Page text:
Debio 0123 starts first-in-human, dose escalation phase I clinical trial assessing the safety and efficacy of the compound in combination with carboplatin to treat refractory solid tumors
LAUSANNE, Switzerland, March 5, 2020 /PRNewswire/ -- Debiopharm (www.debiopharm.com), a Swiss biopharmaceutical company, announced today the advancement of their first-in-human, phase 1 study with the cancer treatment Debio 0123, an oral, potent and highly selective WEE1 inhibitor, in combination with carboplatin in patients with advanced solid tumors. This dose escalation trial will be conducted in patients with refractory solid tumors that have recurred or progressed following prior platinum-based chemotherapy and for which no standard treatment is available. Currently one of three WEE1 inhibitors in clinical development, the Debio 0123 program was initiated based on the deepened understanding of the DNA damage response (DDR) of cancer cells.
Initially discovered by the cutting edge biotech company, Almac Discovery, before being licensed by Debiopharm, Debio 0123 has shown anti-tumor activity both as a single agent and in combination with carboplatin in pre-clinical cancer models. The advancement of Debio 0123 into clinical studies may reveal improved therapeutic results for cancer patients.
"This clinical phase of Debio 0123 is highly anticipated in light of the therapeutic potential of the molecule. Pre-clinical research results suggests that this potent WEE1 inhibitor has the potential to show activity in cancer patients, particularly in combination with DNA damaging treatments, such as chemo- and radiation-therapies," explained Angela Zubel, Chief Development Officer, Debiopharm.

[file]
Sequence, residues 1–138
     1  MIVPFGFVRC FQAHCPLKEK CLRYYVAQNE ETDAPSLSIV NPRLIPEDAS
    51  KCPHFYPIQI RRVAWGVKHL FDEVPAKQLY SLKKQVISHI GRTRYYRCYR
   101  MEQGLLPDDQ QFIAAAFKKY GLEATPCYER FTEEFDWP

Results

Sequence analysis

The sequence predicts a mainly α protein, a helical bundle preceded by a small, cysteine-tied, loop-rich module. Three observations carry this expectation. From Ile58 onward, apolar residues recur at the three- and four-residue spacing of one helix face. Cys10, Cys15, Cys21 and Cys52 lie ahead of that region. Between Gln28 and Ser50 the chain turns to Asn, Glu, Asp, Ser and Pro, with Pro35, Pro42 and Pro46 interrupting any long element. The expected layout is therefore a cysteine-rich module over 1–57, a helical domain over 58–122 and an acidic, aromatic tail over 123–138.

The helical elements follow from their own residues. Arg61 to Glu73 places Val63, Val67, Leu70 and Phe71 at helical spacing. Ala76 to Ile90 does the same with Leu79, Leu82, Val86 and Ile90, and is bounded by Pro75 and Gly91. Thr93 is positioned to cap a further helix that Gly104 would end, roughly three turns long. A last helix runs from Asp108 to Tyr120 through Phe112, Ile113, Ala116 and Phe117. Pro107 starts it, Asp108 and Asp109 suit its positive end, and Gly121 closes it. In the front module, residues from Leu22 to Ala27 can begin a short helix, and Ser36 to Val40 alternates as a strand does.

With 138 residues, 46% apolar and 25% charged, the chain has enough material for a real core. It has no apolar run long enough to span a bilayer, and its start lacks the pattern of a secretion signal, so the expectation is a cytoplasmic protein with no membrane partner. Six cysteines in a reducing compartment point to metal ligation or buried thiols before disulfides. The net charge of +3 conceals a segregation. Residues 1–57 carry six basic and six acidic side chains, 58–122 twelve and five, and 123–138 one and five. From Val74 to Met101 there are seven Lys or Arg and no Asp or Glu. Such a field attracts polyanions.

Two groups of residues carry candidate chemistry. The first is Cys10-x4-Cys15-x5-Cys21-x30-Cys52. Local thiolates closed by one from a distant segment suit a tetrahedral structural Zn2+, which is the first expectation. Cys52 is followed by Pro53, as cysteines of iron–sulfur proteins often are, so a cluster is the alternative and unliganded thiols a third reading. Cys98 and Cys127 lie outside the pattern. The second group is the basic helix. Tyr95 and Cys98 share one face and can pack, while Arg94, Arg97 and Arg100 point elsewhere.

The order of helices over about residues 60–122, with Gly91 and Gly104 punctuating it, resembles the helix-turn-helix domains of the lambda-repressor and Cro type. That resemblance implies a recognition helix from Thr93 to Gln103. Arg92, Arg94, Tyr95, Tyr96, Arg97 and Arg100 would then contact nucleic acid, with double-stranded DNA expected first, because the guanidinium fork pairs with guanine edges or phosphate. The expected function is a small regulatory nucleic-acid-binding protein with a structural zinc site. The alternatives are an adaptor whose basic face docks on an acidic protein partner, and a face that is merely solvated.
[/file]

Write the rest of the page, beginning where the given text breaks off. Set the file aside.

The DNA in cancer cells can be damaged by a variety of treatments such as radiation, antimetabolites, alkylating agents, DNA topoisomerase inhibitors and platinum-based chemotherapy. When this damage occurs, the cells respond by pausing the cell cycle temporarily to allow for DNA repair, hence reducing the effectiveness of cytotoxic therapies against the cancer cells. Treatments such as Debio 0123 which inhibit the DDR are promising drug candidates as they can enhance the effects of DNA damaging therapies and promote a lethal response. The WEE1 kinase is a key regulator of several cell cycle checkpoints including G2/M. WEE1 inhibition can force cells in a state of arrest to continue the cell cycle, ultimately leading to cell death. The resulting impairment of the G2-M checkpoint would prevent cancer cells from repairing induced DNA damage, considerably enhancing the effect of the DNA damaging therapy and thus optimizing the therapeutic outcome.
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Dawn Haughton - Communication Manager
SOURCE Debiopharm International SA